Typhoons, cyclones and hurricanes are all the same type of weather phenomenon; the only difference is the location of the storm, according to the National Ocean Service. In the Atlantic Ocean and northeast Pacific Ocean, the term "hurricane" is used. Cyclones occur in the South Pacific and Indian Oceans, while typhoons are in the northwest Pacific Ocean.
A tropical storm must reach sustained wind speeds of 74 miles per hour to be classified as a cyclone or hurricane. Meteorologists refer to the storm as an "intense hurricane" at 111 miles per hour. A typhoon with wind speeds above 150 miles per hour is called a "supertyphoon." The eye, or center, of a hurricane or cyclone is usually 30 miles across. Larger storms have eyes as wide as 120 miles. The centers of storms contain areas of low pressure with very warm temperatures and calm winds.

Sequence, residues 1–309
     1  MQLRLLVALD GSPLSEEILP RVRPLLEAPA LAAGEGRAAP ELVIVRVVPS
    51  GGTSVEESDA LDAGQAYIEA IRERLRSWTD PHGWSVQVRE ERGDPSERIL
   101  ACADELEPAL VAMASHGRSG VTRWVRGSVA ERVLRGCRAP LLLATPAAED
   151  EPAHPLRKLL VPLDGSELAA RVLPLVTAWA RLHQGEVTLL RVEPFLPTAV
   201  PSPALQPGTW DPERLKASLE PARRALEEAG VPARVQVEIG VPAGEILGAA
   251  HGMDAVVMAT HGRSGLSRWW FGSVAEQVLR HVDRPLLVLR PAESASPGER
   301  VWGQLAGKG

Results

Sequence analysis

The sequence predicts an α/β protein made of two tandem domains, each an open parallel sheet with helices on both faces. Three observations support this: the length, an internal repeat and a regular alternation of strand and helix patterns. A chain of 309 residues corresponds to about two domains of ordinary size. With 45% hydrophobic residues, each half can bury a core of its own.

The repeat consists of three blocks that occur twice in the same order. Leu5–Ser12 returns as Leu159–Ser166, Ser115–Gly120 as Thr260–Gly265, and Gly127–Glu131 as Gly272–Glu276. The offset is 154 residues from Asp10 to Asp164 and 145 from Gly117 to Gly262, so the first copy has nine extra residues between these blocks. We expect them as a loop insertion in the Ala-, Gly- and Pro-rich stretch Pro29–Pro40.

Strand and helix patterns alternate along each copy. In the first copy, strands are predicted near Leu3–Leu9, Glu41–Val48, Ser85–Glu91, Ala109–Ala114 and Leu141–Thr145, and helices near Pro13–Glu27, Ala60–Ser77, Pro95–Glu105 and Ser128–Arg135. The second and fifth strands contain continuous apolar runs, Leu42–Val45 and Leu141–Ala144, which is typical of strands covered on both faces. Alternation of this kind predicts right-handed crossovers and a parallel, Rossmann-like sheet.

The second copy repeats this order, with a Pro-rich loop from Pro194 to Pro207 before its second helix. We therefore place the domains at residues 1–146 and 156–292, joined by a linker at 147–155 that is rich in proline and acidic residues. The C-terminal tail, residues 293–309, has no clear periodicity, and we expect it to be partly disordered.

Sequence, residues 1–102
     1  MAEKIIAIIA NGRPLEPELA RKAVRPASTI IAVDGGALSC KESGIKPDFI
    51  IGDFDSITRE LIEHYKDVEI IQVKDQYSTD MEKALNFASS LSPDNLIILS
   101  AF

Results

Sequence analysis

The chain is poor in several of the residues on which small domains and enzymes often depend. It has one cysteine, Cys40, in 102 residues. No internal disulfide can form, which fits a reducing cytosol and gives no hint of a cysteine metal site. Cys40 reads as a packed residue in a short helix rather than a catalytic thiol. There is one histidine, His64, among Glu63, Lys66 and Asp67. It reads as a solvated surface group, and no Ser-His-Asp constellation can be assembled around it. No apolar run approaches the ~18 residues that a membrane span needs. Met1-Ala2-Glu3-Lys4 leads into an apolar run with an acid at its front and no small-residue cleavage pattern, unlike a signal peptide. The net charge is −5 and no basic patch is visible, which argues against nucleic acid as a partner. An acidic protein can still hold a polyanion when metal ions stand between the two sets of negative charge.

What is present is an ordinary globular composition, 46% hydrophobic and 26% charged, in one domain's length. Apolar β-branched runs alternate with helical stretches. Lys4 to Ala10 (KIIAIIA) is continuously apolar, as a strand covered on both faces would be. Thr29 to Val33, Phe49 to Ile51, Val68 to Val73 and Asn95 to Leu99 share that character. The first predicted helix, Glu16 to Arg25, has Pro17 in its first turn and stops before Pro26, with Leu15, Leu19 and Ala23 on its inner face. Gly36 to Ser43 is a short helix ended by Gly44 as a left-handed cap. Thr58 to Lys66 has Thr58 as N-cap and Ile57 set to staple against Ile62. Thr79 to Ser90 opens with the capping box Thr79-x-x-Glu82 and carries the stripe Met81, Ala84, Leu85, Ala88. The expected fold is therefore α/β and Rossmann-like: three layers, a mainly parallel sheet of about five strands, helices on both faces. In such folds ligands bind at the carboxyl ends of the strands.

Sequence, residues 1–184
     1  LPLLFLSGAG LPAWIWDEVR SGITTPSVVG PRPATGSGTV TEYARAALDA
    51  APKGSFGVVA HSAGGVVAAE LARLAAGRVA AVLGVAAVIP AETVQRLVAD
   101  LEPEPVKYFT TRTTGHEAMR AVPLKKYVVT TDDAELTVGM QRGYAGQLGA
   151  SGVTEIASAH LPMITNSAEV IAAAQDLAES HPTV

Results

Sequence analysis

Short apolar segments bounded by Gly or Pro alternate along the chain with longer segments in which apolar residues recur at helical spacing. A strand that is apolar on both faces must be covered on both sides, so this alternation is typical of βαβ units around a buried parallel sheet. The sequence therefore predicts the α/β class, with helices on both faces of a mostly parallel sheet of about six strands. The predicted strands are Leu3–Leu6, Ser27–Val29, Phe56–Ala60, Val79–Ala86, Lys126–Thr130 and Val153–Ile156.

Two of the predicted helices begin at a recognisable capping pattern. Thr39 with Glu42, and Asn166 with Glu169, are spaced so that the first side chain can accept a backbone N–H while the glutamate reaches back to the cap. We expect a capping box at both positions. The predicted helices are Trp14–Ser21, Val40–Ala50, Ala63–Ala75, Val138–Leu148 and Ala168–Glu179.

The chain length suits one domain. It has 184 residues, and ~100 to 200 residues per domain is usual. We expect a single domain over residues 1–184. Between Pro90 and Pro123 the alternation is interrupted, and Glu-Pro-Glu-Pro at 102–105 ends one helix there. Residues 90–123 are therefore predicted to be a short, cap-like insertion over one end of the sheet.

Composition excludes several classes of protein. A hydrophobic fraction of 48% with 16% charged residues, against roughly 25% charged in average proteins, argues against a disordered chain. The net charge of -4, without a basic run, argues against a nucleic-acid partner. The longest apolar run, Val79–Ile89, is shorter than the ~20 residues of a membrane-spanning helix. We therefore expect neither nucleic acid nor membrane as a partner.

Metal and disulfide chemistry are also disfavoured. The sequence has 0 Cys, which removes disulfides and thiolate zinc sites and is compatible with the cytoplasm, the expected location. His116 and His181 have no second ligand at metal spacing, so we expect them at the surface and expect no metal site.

Cyclones generally affect Japan, China and the Philippines in the Pacific Ocean. The United States, Mexico, Cuba and the Bahamas are hit regularly with hurricanes in the Atlantic Ocean. Hurricane season in the Atlantic lasts from June 1 to November 30. Cyclone season in the Pacific lasts from June to December.
The name "hurricane" comes from the Caribbean god of evil known as Hurrican. The term "cyclone" was first used by British meteorologist Henry Piddington in 1848.